McKinley as weak and a bidder for the admiration of the crowd, besides being a would-be politician who tries to leave a door open behind himself while keeping on good terms with the jingoes of his party.

Theodore Roosevelt

Assistant Secretary of the Navy in the

McKinley administration.

Imperialist and

American nationalist.

Criticized President

McKinley as having the backbone of a chocolate éclair!

Resigns his position to fight in Cuba.




Remember the Maine and to Hell with Spain!

Funeral for Maine victims in Havana

The Spanish-American War (1898):

“That Splendid Little War”

How prepared was the US for war?

The Spanish-American War (1898):

“That Splendid Little War”

Dewey Captures Manila!

Is He To Be a Despot?

Emilio Aguinaldo

L eader of the Filipino


July 4, 1946:

Philippine independence

William H. Taft, 1st

Gov.-General of the Philippines

Great administrator.

Our “Sphere of Influence”

The Treaty of Paris: 1898

Cuba was freed from Spanish rule.

Spain gave up Puerto Rico and the island of


The U. S. paid Spain

$20 mil. for the


The U. S. becomes an imperial power!

The American Anti-Imperialist


Founded in 1899.

Mark Twain, Andrew

Carnegie, William

James, and William

Jennings Bryan among the leaders.

Campaigned against the annexation of the

Philippines and other acts of imperialism.

Cuban Independence?

Teller Amendment (1898) U.S. is not interested in making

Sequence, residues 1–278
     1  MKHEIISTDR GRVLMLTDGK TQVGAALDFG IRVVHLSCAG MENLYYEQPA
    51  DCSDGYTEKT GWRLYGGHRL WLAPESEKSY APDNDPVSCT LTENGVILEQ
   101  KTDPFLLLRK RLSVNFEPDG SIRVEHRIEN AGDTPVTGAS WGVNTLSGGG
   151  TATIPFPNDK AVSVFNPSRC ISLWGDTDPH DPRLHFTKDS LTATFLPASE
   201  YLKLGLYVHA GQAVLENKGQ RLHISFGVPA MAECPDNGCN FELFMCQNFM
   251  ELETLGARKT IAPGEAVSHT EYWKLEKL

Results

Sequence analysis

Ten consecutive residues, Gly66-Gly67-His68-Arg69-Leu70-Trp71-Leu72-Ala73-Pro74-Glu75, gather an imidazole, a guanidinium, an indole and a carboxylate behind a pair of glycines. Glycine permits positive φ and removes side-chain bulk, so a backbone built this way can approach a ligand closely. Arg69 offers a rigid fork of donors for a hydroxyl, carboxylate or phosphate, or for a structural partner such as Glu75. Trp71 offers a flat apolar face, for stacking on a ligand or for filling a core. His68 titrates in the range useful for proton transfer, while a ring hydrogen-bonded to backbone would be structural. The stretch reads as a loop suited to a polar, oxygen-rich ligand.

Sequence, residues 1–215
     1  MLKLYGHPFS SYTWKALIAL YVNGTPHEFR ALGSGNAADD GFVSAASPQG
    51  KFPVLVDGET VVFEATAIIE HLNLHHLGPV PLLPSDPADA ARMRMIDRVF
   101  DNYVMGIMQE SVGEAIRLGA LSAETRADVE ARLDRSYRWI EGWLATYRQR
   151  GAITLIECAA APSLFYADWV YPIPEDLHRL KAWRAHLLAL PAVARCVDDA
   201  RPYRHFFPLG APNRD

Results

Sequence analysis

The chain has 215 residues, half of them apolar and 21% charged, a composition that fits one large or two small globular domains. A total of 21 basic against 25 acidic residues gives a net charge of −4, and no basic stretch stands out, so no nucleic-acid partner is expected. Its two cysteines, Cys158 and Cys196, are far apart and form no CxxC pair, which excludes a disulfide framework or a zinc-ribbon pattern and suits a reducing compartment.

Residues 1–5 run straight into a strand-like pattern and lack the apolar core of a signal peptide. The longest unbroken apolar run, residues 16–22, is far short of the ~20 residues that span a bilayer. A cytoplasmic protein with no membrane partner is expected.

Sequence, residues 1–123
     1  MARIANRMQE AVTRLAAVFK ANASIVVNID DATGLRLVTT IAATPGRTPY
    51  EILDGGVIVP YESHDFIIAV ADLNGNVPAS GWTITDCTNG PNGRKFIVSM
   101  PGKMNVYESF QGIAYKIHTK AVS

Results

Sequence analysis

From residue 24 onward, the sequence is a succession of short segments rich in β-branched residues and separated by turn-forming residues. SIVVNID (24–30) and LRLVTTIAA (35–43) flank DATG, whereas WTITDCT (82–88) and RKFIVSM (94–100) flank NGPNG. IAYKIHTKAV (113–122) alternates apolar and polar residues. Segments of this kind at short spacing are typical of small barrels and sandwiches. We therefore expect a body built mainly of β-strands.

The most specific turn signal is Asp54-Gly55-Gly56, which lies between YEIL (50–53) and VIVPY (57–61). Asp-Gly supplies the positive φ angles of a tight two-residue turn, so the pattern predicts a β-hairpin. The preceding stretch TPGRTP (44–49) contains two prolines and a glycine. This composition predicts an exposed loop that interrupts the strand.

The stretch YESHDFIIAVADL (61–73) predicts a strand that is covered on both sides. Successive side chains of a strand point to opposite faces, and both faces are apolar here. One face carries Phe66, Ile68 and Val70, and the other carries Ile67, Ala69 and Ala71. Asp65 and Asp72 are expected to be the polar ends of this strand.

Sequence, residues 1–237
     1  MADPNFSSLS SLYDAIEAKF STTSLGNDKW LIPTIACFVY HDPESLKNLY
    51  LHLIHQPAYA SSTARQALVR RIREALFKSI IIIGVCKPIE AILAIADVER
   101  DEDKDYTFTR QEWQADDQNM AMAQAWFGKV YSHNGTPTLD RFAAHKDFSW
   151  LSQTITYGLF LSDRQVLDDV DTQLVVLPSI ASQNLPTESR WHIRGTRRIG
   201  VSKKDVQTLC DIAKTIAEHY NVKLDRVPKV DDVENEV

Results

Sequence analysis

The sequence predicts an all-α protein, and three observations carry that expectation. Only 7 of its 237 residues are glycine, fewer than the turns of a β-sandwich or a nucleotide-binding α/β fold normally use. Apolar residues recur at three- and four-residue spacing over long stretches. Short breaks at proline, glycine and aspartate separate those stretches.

Cuba a colony

Platt Amendment (1903)


Orville Platt


Cuba was not to enter into any agreements with foreign powers that would endanger its independence.


The U.S. could intervene in Cuban affairs if necessary to maintain an efficient, independent govt.


Cuba must lease Guantanamo Bay to the U.S. for naval and coaling station.


Cuba must not build up an excessive public debt.

Puerto Rico: 1898

1900 Foraker Act .

 PR became an “unincorporated territory.”

 Citizens of PR, not of the US.

 Import duties on PR goods

1901-1903  the Insular Cases .

 Constitutional rights were not automatically extended to territorial possessions.

 Congress had the power to decide these rights.

 Import duties laid down by the Foraker Act were legal!

Puerto Rico: 1898

1917 – Jones Act .

 Gave full territorial status to PR.

 Removed tariff duties on PR goods coming into the US.

 PRs elected their own legislators & governor to enforce local laws.